Who: The FCC
What: Net Neutrality Ruling
When: Tuesday December 21st 2010
Why: Gee, The same thing we do every night, try to take over the Virtual world!
Well not quite, alas the FCC has voted on rules aimed at protecting freedom on the internet and it staying open. Chairman of the FCC Julius Genachowski rolled out 6 key principles that were voted on and passed, they are:
- Consumers and innovators have the right to know the basic performance characteristics of their internet access and how their network is being managed.
- Consumers and innovators have the right to go where they want, say what they want and prohibits the blocking of lawful content, apps, services and the connection of devices to the network.
- Consumers and innovators have the right to a leveled playing field. No central authority public or private can discriminate in such a way that one idea, application or service is favored over another by prioritizing internet traffic or pay for priority arrangements.
- Broadband providers have the flexibility to manage their networks to deal with congestion, security and other issues as long as it’s reasonable. Valued business model experimentation such as tiered pricing is acceptable.
- Wireless internet transparency for broadband providers, prohibiting the blocking of websites or of certain competitive applications.
- Committing to ongoing vigilance in internet openness, freedom and adoption of these rules by monitoring developments in which may effect internet openness.
Some may argue that this isn’t enough, some may argue that this has gone too far, what Genachowski hopes is that this framework becomes a common ground on the stance of Net Neutrality. Scrutiny comes mainly on the heels of the decision to include the flexibility given to the ISPs to be able to “Manage” their networks and the extra slack given towards the wireless side. I understand both sides of the argument and this honestly is probably one that may never truly be enough for either side. On one hand you have the argument that basically supports the federal appeals court decision, ruled in April of this year in support of Comcast saying that the FCC had no legal authority to punish or sanction Comcast for slowing down BitTorrent traffic on it’s network. The general support on this is that in times in order to provide the best service for everyone some traffic isn’t specifically stopped from being routed but rather delayed mainly during peak network congestion. Comcast specifically stated:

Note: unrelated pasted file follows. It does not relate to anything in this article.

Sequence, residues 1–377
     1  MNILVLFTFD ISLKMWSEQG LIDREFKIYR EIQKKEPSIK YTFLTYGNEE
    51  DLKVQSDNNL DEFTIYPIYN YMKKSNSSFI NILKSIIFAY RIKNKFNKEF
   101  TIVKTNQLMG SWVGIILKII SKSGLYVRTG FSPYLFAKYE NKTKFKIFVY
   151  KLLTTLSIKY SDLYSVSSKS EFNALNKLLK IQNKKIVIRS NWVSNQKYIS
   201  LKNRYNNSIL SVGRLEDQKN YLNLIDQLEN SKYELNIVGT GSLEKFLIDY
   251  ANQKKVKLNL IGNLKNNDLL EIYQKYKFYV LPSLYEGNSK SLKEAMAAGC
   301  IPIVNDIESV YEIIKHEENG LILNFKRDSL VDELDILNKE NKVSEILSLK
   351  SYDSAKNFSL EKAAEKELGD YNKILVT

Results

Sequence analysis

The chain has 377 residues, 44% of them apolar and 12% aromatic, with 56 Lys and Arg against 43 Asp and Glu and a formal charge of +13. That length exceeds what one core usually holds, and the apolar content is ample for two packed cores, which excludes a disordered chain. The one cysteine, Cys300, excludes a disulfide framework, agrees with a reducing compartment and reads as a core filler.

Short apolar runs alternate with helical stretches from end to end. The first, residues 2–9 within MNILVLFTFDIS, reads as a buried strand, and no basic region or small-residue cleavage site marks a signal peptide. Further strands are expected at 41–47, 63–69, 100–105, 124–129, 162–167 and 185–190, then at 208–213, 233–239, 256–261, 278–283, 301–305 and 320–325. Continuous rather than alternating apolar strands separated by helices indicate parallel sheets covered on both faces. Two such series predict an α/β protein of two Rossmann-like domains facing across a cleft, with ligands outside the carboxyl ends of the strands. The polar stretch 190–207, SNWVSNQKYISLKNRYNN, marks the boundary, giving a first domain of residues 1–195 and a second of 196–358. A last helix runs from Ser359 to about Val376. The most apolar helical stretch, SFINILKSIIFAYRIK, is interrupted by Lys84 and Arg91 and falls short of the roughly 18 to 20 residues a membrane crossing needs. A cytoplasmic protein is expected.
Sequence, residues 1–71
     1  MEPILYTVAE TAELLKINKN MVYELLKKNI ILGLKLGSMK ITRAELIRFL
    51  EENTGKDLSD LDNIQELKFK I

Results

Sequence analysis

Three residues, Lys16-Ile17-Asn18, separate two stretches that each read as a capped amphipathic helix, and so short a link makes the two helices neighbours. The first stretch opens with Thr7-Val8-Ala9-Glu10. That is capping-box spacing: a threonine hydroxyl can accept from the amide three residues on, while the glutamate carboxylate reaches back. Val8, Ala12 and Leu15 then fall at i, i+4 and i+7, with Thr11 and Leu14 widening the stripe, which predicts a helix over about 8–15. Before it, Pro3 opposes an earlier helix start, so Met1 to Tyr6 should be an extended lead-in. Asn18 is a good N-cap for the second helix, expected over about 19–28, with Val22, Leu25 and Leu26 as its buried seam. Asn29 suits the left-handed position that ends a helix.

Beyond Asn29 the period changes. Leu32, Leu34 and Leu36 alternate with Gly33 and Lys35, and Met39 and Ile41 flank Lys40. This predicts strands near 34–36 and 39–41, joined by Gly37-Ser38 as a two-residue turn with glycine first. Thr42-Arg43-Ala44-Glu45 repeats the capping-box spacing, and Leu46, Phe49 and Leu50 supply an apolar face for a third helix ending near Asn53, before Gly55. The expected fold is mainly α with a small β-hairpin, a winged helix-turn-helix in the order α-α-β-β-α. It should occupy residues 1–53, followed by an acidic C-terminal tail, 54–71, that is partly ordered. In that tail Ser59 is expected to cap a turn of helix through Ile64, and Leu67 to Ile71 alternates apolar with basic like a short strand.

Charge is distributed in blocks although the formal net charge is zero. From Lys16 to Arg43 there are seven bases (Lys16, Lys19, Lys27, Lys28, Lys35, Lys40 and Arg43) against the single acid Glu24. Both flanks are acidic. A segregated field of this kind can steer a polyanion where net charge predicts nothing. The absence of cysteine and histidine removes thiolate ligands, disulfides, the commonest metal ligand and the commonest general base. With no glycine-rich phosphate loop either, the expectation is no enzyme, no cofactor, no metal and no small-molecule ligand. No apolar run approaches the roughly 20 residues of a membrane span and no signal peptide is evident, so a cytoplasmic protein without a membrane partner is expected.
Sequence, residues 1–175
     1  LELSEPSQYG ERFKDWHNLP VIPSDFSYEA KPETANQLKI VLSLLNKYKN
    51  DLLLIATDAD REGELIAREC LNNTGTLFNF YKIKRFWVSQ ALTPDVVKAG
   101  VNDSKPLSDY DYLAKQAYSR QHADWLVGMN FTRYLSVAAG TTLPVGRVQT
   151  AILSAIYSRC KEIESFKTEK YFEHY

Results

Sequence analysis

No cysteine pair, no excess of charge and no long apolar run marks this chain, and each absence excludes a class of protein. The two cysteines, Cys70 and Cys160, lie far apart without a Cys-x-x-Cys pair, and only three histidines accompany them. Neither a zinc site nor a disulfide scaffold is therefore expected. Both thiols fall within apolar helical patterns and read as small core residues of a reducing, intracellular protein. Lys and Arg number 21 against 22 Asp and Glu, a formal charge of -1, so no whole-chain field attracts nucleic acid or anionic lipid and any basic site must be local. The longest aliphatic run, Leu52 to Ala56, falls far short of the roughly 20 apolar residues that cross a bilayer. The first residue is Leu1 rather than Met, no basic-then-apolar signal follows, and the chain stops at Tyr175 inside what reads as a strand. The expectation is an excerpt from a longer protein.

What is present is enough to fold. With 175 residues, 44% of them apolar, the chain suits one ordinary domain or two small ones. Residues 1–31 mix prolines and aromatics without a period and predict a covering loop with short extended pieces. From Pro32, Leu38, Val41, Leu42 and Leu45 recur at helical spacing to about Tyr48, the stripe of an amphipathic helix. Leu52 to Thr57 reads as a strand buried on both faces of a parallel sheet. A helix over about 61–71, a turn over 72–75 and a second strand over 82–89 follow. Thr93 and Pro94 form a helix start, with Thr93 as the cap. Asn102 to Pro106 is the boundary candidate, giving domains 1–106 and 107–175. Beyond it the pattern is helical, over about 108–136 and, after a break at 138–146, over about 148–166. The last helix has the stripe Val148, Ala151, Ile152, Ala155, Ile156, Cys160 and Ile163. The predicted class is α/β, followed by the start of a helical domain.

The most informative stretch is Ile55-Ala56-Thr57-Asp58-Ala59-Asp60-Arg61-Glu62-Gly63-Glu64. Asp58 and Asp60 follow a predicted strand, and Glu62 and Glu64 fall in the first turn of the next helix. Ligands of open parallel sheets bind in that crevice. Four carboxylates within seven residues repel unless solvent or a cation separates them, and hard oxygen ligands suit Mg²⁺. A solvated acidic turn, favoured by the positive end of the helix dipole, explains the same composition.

Comcast’s network management practices (1) only affect the protocols that have a demonstrated history of generating excessive burdens on the network; (2) only manage those protocols during periods of heavy network traffic; (3) only manage uploads; (4) only manage uploads when the customer is not simultaneously downloading (i.e., when the customer’s computer is most likely unattended) (“unidirectional sessions” or “unidirectional uploads”); and (5) only delay those protocols until such time as usage drops below an established threshold of simultaneous unidirectional sessions.
Although network management practices must respond to new technological developments and necessarily change over time, Comcast to date has not found it necessary to manage traffic associated with downloads, or bidirectional traffic (i.e., uploads that occur at the same time a customer is downloading). P2P file uploads that are underway before the network management threshold is reached are not interrupted, and neither bidirectional file transfers nor downloads–including new ones–are affected. This action is nothing more than the system saying that it cannot, at that moment, process additional high-resource demands without becoming overwhelmed, just as a traffic ramp control light regulates the entry of additional vehicles onto a freeway during rush hour. One would not claim that the car is “blocked” or “prevented” from entering the freeway; rather, it is briefly delayed, then permitted onto the freeway in its turn while all other traffic is kept moving as expeditiously as possible, thereby ensuring order and averting chaos. This is an appropriate analogy to Comcast’s management of P2P unidirectional uploads.